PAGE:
The fact that Contador gifted stage 17 up the legendary Col du Tourmalet to Andy Schleck is a nice gesture. In fact it was really the only thing he could do given the unwritten rules of professional cycling. Andy attacked and Alberto showed that he could follow. They had a little chat. Alberto did a showy surge then promptly followed Andy to the line. The 2010 Tour de France already had a winner. Alberto Contador won on stage 15.

Alberto Contador, in a way, showed his respect for Andy on the Port de Bales climb. He feared his rival’s ability to attack in the Pyrenees and he knew Andy needed to gain time on stage 15 & 17 to make up for the time he will lose in the time trial (the penultimate stage 19). Andy was 31 sec ahead of Alberto at the the start of stage 15. He needed another 30-60 sec on Alberto to keep the race open for the time-trial. Alberto closed down that option with his attack capitalising on Andy’s misfortune.

The gift on top of the Col du Tourmalet.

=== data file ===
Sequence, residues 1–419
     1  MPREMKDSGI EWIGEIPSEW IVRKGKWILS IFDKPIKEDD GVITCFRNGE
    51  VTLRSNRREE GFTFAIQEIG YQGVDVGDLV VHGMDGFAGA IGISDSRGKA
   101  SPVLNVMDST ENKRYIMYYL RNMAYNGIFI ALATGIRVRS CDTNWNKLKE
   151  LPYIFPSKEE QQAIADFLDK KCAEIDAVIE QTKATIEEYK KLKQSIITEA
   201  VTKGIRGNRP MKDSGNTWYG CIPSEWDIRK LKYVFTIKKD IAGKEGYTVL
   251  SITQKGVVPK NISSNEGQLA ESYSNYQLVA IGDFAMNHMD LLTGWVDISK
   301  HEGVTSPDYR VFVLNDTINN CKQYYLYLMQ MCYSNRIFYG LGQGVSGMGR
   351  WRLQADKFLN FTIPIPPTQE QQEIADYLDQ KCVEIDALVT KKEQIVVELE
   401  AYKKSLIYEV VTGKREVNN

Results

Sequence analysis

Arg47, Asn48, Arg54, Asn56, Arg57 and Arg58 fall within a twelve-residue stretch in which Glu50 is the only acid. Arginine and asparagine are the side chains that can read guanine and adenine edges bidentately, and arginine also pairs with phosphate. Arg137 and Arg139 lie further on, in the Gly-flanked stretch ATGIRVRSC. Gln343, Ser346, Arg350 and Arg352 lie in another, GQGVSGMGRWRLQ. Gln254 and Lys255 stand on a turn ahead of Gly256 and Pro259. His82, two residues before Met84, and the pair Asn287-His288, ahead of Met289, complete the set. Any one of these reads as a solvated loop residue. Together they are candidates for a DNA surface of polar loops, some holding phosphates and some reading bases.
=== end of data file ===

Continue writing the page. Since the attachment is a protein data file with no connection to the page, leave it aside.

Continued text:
I’d like to think that this would not have happened in the past. That, if Gino Bartali had dropped his chain, that Fausto Coppi would have waited for him. That they would each give each other a “sporting chance”. That things were different and that spectators would be thrilled to a showdown fought to the very end.

But the comparison loses perspective. I know that there was no love lost between Bartali and Coppi. And these were different times. Bicycle racing was well-established but the science of winning was not. Coppi had no qualms about taking amphetamines “nearly all the time” to improve his performance. It was a time when all manner of performance enhancement was allowed. Bartali also had performance enhancement that was well-regarded at the time. He prayed.

The idea of sportsmanship is grand and noble. Sharing a bottle up a grueling climb or waiting for your rival when he has a mechanical or falls is sportsmanship. However the context is also important. If you expect that you can beat your rival (whether this is based on experience, faith in God/ science/ a special diet/ pills, or good old self belief) then it would be a reasonable option to practice good sportsmanship. The converse is also true. If you can only win because of a mishap of your opponent then it pays to practice good sportsmanship or always wear the mark of a tarnished victory.